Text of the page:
Visitors of the innovation capital of the world have different reasons why they come. Most of them come to San Francisco to feel the city and dive into its atmosphere. Those are the tourists.
But then there are those visitors, who come, because innovation is a hot topic. Not all of them have the same goals in mind. Some visit, because they get paid a nice jolly trip by their company or government. Often those are government officials and employees of organizations that are state-owned. If it’s a minister or high-ranking politician, then they are here for the photo opps with some legendary founders like those from Google or Facebook and shake hands with them. It comes in handy that they are often accompanied by large groups from media. Those are the most unnecessary types of visits, of which 95 out of 100 don’t lead to anything. Silicon Valley people already are disgusted with those types of visitors.
The other kind are people who want to get inspired and find new ways for themselves and their companies, and maybe do business. And those are the more interesting people, those who want to learn, and maybe even prepared by reading insights about Silicon Valley. That may lead to certain expectations and an image of Silicon Valley that may prevent the proper understanding of the region.
Some of the visitors are highly motivated to see quick results. As they are used from their own successful careers as busy consultants and executives, the expect immediate results. Tell me your secret, hand over the step-by-step instructions, and when they don;t get it, then they complain with the organizers. While doing so the visitors miss many important details. The behavior of the hosts, the little details on the streets, the technologies that hide everywhere, the way people treat each other, and the words they choose. The bling-bling is right in your eye, but seen the nuances is much more difficult, but that’s exactly what makes the Silicon Valley the Silicon Valley. And a desperate search for answers prevents from seeing.
Silicon-Valley-Blueprint of Innovation? That doesn’t exist…
Those visitors are for us those who will benefit the most from a visit, but not in the way they expected. The surprise is: there is no Silicon-Valley-Blueprint. There is no manual how innovation and the mindset can be replicated step-by-step to your own country or company.
And that start with the understanding that you didn’t come to find answers, but to find the right questions. The question about your reason to exist. The reason why your company exists and what your own reason to exist is.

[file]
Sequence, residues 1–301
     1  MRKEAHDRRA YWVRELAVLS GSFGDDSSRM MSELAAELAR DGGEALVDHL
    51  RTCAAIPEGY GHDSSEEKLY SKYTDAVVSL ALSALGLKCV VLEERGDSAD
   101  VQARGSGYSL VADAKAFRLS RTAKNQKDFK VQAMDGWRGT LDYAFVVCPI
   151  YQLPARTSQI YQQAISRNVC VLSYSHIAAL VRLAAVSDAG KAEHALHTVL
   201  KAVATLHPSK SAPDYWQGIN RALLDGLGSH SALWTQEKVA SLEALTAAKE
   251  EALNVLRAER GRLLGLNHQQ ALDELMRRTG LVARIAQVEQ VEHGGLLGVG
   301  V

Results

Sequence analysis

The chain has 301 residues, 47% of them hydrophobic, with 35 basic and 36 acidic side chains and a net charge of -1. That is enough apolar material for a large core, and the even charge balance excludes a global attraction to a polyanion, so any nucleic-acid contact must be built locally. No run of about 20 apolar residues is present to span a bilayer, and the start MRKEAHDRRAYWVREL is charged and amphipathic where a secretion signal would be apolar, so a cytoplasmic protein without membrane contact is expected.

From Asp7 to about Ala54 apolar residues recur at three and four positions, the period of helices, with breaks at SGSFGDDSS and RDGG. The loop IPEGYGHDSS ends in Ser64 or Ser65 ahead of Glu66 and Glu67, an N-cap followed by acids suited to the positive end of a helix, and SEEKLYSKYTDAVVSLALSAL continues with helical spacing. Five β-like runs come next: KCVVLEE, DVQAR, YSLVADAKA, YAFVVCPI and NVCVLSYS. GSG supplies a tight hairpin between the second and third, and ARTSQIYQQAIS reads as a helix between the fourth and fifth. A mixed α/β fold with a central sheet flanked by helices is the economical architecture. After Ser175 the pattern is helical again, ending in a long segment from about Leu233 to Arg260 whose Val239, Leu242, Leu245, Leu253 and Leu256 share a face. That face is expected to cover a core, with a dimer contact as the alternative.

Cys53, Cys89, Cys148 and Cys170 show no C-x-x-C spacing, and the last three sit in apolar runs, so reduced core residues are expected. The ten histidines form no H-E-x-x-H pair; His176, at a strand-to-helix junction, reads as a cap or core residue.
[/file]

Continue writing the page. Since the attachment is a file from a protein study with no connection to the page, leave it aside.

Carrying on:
We call this moment of discovery as ‘breaking’ the visitor. Our goal is to move delegations from a search for answers to a search for questions. From a “How can this be done?” to a “Why am I doing this?” This often happens on the second day of a visit, the most stubborn need a bit longer. And this is a pretty painful process.
Sweat, Blood, and Tears
Originally, the dissatisfaction of the delegations came as a surprise to us. We heard complaints such as:
“The program is not dense enough!”
“Four visits per day is not enough!”
“We can skip the half day of relaxing tourism at halftime of the week, we didn’t come to make vacation.”
“We want more of those types of meetings with discussions.”
“Why did we even visit that company / person?”
“Explain us after every meeting what we can learn and how we can apply it!”
After four dozen of delegations we are neither surprised, nor do we avoid creating dissatisfaction. We are actually designing it. Those complaints show us that we hit a nerve, which occupies the visitors. And on the second day the participants fall asleep in the car. They are done, too exhausted from all the impressions. Their brains work extra hours. Things that they dismissed before or judgmentally looked at them, make them suddenly realize that those may be the core components of the experience and the understanding.
When Critics Become Fans
We listen to the complaints, we improve where we think the criticism is valid, but the core we maintain. At the end of a tour we ALWAYS see that we were right. The biggest initial critics turned into the most ardent fans. The tour had changed their lives. And this is something that you need to experience, and not just read about it somewhere.
We stay in touch with our tour alumni, and what they created since is motivation for us to bring Silicon Valley to people and make them understand. Not the blueprint is the thing we bring them, because it simply doesn’t exist.
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This article was also published in German.